Ahead of my book event tonight at Brooklyn’s Congregation Beth Elohim, the New York Post named my book – What Do You Buy the Children of the Terrorist Who Tried To Kill Your Wife? – as a “Must-Read.”

The book in question chronicles my reconciliation with the Palestinian family of the bomber who perpetrated the 2002 Hebrew University attack – an attack which injured my wife and killed the two friends with whom she was sitting.

Clearly, my book is a work aimed at promoting the destruction of Israel. Clearly, it’s an anti-Semitic manifesto with one goal: the downfall of the Jewish state. After all, what else could a book about peace and reconciliation between Jews and Palestinians be trying to do, other than promote anti-Semitism?

Which is why a writer for the Times of Israel, upon the NY Post naming my book a ‘must-read,’ asked the following question:

Is the New York Post Supporting the End of Israel?

It’s a good question. Is the New York Post promoting the end of Israel? The writer at TOI brought some compelling proof: a) people of ‘questionable character’ have praised my book on Amazon, b) I’ve criticized Israel in my political writings in the past, c) something about me being a self-hating Jew, which I didn’t quite understand, but obviously has legs given I humanize Palestinians, rather than view them as a caricature of evil.


Clearly, such bombastic charges mirror a predictable trope used by those who, viewing the Israeli-Palestinian conflict as a zero-sum game, resort to the ‘anti-Semitism’ charge to shut down dialogue and debate.

It is a trope that appears all too often, for the anti-Semitism charge can be a powerful one. Unfortunately, it has become so diluted by those who use it as a political scare tactic that it has come to mean little more these days in political discourse as, I am scared by your politics.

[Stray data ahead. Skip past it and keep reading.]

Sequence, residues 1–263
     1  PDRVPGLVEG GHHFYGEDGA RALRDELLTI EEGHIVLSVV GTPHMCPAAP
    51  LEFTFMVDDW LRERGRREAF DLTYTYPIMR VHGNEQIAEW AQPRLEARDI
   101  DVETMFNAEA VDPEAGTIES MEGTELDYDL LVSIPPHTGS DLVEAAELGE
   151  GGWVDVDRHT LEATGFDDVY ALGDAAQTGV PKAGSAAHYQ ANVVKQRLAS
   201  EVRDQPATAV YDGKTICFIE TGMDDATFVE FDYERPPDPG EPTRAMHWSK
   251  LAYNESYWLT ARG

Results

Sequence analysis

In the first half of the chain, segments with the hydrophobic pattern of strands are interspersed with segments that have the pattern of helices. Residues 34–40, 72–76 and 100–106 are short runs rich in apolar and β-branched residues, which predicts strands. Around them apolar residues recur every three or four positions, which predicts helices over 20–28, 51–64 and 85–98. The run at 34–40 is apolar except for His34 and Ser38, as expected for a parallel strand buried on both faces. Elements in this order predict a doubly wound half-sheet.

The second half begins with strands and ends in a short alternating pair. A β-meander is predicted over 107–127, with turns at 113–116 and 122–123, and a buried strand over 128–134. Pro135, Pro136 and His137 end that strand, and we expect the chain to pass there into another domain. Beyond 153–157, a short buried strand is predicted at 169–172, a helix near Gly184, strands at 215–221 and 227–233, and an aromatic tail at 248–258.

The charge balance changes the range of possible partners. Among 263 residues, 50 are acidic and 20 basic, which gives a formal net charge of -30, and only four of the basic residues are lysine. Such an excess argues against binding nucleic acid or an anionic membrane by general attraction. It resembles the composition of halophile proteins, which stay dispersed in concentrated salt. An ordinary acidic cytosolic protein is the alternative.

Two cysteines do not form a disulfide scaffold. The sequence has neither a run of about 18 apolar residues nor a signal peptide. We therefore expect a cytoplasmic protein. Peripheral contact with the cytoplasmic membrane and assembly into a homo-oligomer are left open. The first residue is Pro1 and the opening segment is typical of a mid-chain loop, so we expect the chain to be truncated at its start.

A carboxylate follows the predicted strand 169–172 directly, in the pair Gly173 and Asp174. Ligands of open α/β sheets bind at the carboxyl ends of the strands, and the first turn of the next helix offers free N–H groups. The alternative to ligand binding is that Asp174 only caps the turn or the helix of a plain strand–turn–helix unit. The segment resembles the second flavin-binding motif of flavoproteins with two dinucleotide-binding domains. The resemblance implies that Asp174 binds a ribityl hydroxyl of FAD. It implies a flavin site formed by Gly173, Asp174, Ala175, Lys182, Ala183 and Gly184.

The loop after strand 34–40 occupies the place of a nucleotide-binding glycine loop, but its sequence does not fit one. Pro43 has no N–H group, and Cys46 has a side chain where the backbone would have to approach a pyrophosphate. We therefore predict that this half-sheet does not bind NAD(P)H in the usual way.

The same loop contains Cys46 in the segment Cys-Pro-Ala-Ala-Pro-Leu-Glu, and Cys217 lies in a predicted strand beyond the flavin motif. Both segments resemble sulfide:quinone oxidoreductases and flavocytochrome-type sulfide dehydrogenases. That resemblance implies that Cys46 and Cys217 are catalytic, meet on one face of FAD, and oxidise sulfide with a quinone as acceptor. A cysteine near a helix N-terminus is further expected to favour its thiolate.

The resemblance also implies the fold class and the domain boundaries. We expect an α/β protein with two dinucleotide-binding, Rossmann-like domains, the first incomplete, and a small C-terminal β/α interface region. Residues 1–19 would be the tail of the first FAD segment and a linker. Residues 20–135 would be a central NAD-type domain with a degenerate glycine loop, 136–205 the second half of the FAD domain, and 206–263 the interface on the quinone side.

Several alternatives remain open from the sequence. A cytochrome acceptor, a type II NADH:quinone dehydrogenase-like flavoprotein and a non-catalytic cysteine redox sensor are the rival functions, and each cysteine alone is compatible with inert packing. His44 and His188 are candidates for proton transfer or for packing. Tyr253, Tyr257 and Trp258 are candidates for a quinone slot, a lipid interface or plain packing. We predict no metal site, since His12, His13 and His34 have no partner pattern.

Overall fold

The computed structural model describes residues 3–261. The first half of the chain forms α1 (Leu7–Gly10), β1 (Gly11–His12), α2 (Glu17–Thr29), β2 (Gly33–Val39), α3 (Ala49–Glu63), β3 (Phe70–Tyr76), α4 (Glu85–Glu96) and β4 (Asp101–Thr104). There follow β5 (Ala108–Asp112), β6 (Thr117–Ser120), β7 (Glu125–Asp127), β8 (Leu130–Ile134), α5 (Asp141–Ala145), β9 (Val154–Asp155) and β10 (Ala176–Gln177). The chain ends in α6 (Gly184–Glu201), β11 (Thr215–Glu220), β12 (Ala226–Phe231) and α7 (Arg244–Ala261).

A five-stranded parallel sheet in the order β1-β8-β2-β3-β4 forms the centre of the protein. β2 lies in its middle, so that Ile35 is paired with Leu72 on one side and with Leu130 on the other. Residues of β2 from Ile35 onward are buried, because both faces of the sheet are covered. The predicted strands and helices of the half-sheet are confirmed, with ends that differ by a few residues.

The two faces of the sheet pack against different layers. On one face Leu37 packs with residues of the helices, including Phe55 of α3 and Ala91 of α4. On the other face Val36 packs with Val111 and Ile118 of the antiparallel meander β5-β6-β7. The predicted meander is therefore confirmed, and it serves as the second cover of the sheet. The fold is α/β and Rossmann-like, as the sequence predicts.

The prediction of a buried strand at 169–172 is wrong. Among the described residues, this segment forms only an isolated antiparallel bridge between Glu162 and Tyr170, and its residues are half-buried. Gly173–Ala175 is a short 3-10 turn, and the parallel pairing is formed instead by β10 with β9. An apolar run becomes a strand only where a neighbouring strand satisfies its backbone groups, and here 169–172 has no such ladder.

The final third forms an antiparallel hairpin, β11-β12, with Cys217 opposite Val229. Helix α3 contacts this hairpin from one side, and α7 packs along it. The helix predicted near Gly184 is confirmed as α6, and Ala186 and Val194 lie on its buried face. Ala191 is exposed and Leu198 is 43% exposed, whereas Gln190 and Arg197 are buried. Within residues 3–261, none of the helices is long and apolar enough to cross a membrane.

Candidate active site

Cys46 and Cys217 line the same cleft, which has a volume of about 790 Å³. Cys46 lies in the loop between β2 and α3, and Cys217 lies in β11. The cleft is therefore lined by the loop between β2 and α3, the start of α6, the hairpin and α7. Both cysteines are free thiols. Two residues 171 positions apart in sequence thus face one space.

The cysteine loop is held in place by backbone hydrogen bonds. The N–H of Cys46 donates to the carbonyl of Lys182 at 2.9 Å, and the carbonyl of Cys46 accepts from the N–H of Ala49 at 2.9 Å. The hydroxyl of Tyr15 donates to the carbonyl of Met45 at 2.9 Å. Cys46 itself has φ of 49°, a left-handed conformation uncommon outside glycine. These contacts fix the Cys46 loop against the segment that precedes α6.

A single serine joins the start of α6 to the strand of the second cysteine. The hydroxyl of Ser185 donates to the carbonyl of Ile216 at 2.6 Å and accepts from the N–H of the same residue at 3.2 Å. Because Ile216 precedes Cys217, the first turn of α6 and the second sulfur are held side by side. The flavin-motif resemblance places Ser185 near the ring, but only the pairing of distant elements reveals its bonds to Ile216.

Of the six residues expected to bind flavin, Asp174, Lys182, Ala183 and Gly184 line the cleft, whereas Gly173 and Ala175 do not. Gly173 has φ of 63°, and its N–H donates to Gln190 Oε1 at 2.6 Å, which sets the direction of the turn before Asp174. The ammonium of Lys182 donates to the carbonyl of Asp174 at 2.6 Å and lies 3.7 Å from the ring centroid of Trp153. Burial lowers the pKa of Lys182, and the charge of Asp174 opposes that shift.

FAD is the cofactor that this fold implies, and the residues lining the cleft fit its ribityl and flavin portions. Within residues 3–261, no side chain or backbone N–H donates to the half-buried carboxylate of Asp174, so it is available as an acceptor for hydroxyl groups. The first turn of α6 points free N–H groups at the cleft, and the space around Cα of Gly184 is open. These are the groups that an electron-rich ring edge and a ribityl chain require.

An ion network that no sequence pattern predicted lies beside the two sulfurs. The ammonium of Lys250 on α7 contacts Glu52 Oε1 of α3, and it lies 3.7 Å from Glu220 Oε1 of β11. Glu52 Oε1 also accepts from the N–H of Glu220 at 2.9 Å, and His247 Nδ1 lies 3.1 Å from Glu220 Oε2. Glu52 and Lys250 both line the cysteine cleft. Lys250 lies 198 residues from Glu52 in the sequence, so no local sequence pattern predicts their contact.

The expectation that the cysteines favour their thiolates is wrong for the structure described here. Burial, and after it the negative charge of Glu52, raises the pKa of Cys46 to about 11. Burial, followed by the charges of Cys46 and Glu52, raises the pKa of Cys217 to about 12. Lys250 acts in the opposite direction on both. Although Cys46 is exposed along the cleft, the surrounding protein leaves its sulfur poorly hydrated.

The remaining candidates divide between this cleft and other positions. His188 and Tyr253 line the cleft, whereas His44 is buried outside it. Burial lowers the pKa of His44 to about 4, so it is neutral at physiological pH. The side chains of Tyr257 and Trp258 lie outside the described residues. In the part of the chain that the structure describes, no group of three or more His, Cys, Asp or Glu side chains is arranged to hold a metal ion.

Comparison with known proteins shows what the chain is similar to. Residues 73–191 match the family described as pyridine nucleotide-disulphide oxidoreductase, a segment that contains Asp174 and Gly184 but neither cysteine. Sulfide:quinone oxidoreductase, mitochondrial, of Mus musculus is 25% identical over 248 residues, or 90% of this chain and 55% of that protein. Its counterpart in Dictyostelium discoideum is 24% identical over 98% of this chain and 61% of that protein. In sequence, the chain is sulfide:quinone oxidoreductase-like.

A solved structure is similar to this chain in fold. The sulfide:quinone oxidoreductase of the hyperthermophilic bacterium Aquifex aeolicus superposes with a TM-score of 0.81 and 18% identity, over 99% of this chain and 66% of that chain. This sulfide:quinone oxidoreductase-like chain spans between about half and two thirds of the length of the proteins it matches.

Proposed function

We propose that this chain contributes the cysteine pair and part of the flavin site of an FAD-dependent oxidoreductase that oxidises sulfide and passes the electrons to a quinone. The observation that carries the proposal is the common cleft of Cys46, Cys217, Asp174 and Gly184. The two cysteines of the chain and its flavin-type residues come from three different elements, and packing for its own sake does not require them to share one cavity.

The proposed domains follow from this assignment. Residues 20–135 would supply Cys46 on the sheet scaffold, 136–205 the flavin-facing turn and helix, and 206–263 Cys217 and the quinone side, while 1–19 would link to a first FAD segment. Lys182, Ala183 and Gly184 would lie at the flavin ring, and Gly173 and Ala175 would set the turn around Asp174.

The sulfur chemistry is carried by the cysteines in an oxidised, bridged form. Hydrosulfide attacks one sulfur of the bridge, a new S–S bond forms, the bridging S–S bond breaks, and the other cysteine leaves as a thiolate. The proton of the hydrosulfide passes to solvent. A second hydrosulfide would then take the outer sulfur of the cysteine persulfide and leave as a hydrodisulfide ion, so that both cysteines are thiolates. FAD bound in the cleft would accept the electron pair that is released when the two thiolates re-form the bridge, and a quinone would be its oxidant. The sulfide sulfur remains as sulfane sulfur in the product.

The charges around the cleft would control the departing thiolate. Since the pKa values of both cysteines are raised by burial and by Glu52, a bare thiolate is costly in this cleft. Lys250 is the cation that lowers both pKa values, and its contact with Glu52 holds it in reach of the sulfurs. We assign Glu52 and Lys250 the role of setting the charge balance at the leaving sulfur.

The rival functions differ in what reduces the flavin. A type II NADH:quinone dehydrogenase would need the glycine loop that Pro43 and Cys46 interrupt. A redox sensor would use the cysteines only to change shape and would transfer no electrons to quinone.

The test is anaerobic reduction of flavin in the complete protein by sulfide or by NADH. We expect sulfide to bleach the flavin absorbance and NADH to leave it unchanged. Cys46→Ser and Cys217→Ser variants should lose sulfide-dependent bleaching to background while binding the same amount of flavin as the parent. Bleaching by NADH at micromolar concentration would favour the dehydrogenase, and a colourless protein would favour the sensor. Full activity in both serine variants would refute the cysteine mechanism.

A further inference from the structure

That’s unfortunate, for anti-Semitism a very real danger which persists, and such usage dilutes its meaning. More importantly, though, such usage continues to be used as a way to leverage damaging accusations in the name of political ‘victory.’

It’s not so dissimilar from what the Tea Party did recently during the government shutdown: they were willing to damage the United States economy, as well as its scientific and social institutions, in order to promote their unsustainable and extremist political demands. In essence, it was a destructive tantrum.

So too, these days, are such charges of anti-Semitism: they are politically-motivated tantrums which are destructive. And in the end, like the Tea Party, they will be revealed for what they are: unpalatable perspectives that stand outside the mainstream.


David Harris-Gershon is author of the memoir What Do You Buy the Children of the Terrorist Who Tried to Kill Your Wife?, now out from Oneworld Publications.

Follow him on Twitter @David_EHG.

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